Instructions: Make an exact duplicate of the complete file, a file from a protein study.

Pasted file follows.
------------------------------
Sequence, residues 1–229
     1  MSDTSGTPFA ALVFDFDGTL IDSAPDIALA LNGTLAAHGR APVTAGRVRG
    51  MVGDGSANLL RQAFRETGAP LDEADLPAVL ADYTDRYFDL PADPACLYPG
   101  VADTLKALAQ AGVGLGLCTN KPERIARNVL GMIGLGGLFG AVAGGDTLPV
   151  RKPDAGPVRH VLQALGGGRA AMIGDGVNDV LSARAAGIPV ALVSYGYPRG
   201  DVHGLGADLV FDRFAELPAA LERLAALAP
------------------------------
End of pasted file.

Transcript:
Sequence, residues 1–229
     1  MSDTSGTPFA ALVFDFDGTL IDSAPDIALA LNGTLAAHGR APVTAGRVRG
    51  MVGDGSANLL RQAFRETGAP LDEADLPAVL ADYTDRYFDL PADPACLYPG
   101  VADTLKALAQ AGVGLGLCTN KPERIARNVL GMIGLGGLFG AVAGGDTLPV
   151  RKPDAGPVRH VLQALGGGRA AMIGDGVNDV LSARAAGIPV ALVSYGYPRG
   201  DVHGLGADLV FDRFAELPAA LERLAALAP